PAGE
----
ISSN 1470-3947 (print) | ISSN 1479-6848 (online)

Endocrine Abstracts (2008) 16 P427

Is increase in bone mineral content caused by increase in skeletal muscle mass/strength in adult patients with growth hormone (GH) treated GH deficiency? A litterature analysis

Oliver Niels Klefter & Ulla Feldt-Rasmussen

National University Hospital, Copenhagen, Denmark.

Growth hormone (GH) has a well known anabolic effect on skeletal muscles, and patients with GH deficiency (GHD) are characterised by a reduced muscle mass, but also reduced bone mineral density (BMD) and content (BMC), which have been ascribed to GHD per se. Correspondingly, the increase in bone and muscle mass by GH therapy has been seen as separate GH influences on bones and muscles, respectively. The aim of this study was therefore to investigate if changes in BMD/BMC in adult patients with GHD could be due to a muscle modulating effect, and if treatment with GH would primarily increase muscle mass and strength with a secondary increase in BMD, thus supporting the current physiological concept that mass and strength of bones are mainly determined by dynamic loads from the skeletal muscles.

A literature review resulted in 34 clinical trials, published during the period 1996–2006, and fulfilling the criteria for investigating variables related to the development in muscle mass, muscle strength, and BMC/BMD in adult GHD patients treated with GH.

Three out of four trials found significant increases in muscle mass compared to baseline, while eight out of 11 trials found significant increases in one or more measures of muscle strength compared to baseline. The largest increase in muscle mass was observed during the first 12 months of treatment. Nineteen out of 26 trials found significant increases from baseline values in BMC or BMD in one or more body regions. The significant increases in BMD and BMC occurred after 12–18 months of treatment, i.e. usually later than the increase in the muscle measurements. Only 5 clinical trials studied both muscle and bone variables concomitantly in GH treated adult GHD patients. None of these studied the relationship between the changes in muscle and bone measurements.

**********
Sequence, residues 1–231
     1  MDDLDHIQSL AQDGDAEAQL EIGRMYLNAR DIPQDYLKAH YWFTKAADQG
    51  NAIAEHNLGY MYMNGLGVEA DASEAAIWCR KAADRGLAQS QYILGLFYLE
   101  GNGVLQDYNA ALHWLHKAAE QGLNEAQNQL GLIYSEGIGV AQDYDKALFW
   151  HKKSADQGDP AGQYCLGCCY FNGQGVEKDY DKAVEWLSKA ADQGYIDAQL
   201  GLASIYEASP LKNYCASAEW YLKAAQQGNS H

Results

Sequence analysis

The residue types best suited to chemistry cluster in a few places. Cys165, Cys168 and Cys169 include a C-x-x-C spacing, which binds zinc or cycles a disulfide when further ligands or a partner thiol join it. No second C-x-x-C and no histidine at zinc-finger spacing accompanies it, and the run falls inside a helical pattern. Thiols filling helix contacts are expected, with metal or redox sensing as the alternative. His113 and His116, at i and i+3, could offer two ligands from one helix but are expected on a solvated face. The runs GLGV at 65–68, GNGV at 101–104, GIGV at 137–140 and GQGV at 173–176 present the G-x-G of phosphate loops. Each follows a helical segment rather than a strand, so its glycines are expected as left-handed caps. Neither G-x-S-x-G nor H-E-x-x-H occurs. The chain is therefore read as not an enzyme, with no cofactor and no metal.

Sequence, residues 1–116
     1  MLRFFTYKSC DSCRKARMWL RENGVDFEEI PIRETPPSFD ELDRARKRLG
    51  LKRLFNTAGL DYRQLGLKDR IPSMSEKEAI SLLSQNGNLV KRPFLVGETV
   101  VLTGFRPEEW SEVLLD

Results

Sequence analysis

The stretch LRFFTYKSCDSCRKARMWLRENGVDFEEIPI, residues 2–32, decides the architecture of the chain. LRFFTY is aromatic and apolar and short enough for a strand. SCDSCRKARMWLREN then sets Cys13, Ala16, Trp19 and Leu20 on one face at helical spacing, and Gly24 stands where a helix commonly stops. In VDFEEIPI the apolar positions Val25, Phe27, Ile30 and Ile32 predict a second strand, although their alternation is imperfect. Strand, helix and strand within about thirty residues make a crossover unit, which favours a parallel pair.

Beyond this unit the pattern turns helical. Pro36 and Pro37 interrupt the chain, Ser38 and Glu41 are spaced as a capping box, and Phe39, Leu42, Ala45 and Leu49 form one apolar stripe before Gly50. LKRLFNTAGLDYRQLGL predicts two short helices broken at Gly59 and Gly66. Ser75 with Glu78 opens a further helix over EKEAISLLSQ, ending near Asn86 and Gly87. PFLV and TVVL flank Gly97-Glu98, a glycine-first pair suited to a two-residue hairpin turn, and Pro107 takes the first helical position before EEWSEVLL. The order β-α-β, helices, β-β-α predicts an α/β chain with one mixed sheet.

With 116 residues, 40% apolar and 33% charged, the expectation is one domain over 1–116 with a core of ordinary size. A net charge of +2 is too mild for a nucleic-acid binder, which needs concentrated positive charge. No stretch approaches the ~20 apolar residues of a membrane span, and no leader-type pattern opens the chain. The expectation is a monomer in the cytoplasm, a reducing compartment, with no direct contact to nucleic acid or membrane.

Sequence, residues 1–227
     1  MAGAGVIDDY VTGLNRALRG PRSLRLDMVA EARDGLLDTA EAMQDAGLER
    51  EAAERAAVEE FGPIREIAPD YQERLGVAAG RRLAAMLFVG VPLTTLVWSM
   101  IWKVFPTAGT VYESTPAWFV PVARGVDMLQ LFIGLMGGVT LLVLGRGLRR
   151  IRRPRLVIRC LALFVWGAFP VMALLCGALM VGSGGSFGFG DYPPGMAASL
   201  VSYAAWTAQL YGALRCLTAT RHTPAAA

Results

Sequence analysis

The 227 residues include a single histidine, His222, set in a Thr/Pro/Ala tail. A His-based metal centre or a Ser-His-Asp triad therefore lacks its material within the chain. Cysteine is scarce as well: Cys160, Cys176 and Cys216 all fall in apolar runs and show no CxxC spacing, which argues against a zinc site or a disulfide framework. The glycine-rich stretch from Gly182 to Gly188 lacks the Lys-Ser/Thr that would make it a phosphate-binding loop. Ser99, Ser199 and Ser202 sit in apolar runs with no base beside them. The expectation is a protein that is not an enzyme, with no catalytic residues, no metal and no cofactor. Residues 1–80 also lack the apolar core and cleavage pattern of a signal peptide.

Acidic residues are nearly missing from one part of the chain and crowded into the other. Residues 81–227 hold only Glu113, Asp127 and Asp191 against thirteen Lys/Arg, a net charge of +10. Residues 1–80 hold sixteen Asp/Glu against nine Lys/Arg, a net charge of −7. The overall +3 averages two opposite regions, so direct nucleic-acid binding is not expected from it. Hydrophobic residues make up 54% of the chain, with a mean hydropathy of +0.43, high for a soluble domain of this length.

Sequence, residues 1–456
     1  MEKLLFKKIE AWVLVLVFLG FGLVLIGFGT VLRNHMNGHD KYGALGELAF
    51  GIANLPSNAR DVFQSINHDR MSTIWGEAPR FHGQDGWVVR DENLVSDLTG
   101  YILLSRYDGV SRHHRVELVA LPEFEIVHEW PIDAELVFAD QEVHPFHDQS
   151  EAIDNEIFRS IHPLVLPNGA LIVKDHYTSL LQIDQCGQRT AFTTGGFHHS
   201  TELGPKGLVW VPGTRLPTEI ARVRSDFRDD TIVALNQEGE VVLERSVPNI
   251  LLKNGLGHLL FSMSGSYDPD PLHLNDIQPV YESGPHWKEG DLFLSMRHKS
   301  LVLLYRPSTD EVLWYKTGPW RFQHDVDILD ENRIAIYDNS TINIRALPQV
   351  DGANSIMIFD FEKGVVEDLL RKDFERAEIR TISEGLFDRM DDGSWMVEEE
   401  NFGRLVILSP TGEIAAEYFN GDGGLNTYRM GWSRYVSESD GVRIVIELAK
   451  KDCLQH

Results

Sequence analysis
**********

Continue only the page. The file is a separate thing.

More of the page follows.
In conclusion, although in vitro studies have shown that GH has a direct effect on bone remodelling, current physiological concepts and the results of clinical trials from the past 10 years suggest that the anabolic changes in muscle mass and muscle strength may also contribute to changes in BMC and BMD in the GH treated adult GHD patients. Studies addressing this particular issue are, however, needed to clarify the relative contribution of mechanisms.

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